This month authorities knew there’d be strife at the soccer game between Malang’s Arema and its bitter rival Persebaya from the provincial north-coast capital Surabaya.
They expected a bit of biffo because not all are drawn by the beautiful game. Turbo-charged hormonal youths keen to show off find sports grounds good for their theatre. The crowds are mostly lads, for in this culture the easy intermingling of the sexes remains rare.
Indonesian has pinched and warped hundreds of English words like ekonomik, politik and teknologi. Reverse contributions are few. The standout is amuck, which is what happened on Saturday 1 October when the visitors won the Premier League event 3-2 and the locals turned feral because Arema had been top dog for the past 23 years.
Although gambling is illegal, betting on games is commonplace and scores are allegedly often settled before kick-off, such is the corruption.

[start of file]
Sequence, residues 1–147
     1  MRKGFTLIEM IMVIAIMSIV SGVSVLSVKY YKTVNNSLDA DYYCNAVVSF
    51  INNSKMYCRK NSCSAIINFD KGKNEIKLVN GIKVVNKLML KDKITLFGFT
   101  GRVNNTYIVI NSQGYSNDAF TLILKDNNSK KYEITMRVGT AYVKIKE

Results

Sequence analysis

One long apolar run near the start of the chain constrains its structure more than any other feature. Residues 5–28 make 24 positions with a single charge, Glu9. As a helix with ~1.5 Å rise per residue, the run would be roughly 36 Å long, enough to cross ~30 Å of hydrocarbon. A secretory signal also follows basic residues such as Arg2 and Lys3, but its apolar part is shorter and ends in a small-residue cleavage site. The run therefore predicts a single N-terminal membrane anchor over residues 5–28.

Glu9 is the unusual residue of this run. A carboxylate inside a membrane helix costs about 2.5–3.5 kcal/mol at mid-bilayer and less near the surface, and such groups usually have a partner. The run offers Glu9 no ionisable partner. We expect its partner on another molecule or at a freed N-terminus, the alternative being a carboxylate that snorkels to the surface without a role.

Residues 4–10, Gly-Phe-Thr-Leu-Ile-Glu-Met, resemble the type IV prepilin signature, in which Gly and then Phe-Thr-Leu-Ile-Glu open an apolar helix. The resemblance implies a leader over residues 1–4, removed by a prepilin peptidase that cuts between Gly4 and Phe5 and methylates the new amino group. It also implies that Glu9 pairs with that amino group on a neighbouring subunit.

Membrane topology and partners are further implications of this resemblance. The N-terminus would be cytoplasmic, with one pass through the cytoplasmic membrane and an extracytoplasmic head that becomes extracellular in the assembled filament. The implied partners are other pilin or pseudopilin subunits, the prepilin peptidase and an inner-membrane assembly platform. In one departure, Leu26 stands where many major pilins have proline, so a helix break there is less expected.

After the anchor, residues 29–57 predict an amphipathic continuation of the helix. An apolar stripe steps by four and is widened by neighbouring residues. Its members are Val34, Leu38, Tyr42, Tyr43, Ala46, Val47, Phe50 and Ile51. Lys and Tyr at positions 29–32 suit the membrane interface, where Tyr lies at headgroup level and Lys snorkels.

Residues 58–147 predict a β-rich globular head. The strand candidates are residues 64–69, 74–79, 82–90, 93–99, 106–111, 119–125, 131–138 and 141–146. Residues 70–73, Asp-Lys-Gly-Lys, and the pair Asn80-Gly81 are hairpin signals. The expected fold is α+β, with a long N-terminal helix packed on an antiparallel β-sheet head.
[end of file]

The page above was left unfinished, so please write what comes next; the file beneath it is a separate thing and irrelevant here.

The death toll of 131 and more than 500 injured makes this the world’s second-largest soccer disaster after the 1964 Peru stampede which killed 328. Police also used tear gas and fans were squashed to death at the gates.
The 1989 Hillsborough stadium crush in the UK killed 97 and caused 766 injuries. Officials tried to blame hoons, but an inquiry eventually found police and ambulance services failed their duty of care.
That’s the result expected from examinations of the Malang catastrophe, though whether that will lead to real change is doubtful. The incompetence of the organisers is already clear.